Appendix 3 Glossary
Note: Terms defined elsewhere in the Glossary
are shown in italics.
Automatic stabilisers: Various
features of the tax and spending regime which react automatically
to the economic cycle and reduce its fluctuations. For example,
a downturn in government revenue and an increase in government
expenditure automatically arise in a recession, thus cushioning
the reduction in aggregate demand. As a result, the budget
balance tends to improve in years of high growth and to deteriorate
during economic slowdowns.
Bail out: See 'no-bail
Broad economic policy guidelines (BEPGs): Annual
guidelines for the economic and budgetary policies of the Member
States. Established under Article 99(2) of the EC Treaty, in the
context of which Member States are required to conduct their economic
policies. Since 1993, they have been adopted by Ecofin on the
basis of a Commission recommendation.
Budget balance: The balance
between total public expenditure and revenue in a specific year.
A positive balance would indicate a surplus; a negative balance
would indicate a deficit. In a balanced budget, a government's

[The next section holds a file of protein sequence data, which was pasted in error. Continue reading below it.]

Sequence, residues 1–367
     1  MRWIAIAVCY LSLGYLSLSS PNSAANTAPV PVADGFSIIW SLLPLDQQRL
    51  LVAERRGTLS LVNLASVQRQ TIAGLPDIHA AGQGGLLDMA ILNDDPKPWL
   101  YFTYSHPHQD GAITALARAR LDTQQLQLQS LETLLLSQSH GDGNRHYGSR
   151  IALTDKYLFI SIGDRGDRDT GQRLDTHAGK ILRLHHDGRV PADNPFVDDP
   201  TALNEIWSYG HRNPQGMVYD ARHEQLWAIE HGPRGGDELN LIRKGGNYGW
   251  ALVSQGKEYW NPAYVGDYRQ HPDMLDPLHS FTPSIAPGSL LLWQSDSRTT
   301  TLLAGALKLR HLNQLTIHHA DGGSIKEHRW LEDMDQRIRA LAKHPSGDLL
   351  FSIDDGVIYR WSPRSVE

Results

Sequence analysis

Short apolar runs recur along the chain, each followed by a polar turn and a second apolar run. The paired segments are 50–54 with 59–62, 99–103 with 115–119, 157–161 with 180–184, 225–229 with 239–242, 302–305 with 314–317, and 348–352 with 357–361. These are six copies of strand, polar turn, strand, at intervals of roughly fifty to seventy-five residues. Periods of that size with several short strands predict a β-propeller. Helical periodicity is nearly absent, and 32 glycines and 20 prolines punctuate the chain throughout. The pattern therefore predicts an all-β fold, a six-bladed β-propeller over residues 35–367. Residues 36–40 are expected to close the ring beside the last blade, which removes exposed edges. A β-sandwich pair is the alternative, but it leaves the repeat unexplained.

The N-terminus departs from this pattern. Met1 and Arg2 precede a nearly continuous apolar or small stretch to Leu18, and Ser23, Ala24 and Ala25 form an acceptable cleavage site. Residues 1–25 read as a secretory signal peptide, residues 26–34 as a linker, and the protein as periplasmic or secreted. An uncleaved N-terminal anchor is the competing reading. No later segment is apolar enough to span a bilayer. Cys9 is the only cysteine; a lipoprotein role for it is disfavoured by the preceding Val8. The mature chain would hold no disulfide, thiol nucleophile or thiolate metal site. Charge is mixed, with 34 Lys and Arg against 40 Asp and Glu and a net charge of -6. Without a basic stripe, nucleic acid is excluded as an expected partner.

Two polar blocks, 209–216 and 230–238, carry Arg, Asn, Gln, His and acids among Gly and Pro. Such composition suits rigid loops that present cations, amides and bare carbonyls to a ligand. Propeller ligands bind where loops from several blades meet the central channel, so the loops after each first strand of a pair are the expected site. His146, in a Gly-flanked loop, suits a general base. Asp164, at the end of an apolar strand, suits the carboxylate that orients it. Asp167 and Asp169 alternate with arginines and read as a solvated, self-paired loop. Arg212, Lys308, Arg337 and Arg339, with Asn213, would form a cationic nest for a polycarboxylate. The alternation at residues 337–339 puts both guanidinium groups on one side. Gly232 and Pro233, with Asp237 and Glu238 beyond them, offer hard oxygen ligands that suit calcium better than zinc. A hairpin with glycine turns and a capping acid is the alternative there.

revenue is equal to its spending, so it has no need to borrow
or lend. See also cyclically-adjusted budget balance.
Close-to-balance rule: A
rule contained in the Stability and Growth Pact, according to
which Member States should, over the medium term, achieve an overall
budget balance that is close to balance or in surplus.
Convergence programmes: National
medium-term budgetary and monetary strategies submitted annually
by each of those Member States outside the Eurozone (i.e.,
those countries that have not yet adopted the euro). They must
conform to the provisions of the Stability and Growth Pact and
show the Member States' progress towards achieving sustained convergence.
See also stability programmes. In contrast to stability
programmes, the convergence programmes also deal with monetary
Cyclical component of budget balance: That
part of the change in the budget balance that follows automatically
from the cyclical conditions of the economy, due to the reaction
of public revenue and expenditure to changes in the output gap.
See automatic stabilisers, and cyclically-adjusted budget
Cyclically-adjusted budget balance: A
government's actual budget balance adjusted for its cyclical
component. The structural balance gives a measure of the underlying
trend in the budget balance, when taking into account the automatic
effect on the budget of the economic cycle. It is intended to
give a better forecast of the future path of the deficit. It is
also referred to as the structural budget balance.
ECB: European Central
Ecofin: The Council of
Ministers of the European Union responsible for Economic and Financial
Affairs; it is made up of the economics and finance ministers
of the Member States.
Economic Cycle: the period
of time between the point where the output gap is zero and when
the output gap returns to zero.
EFC: Economic and Financial
Committee. In accordance with Article 114(2) of the EC Treaty,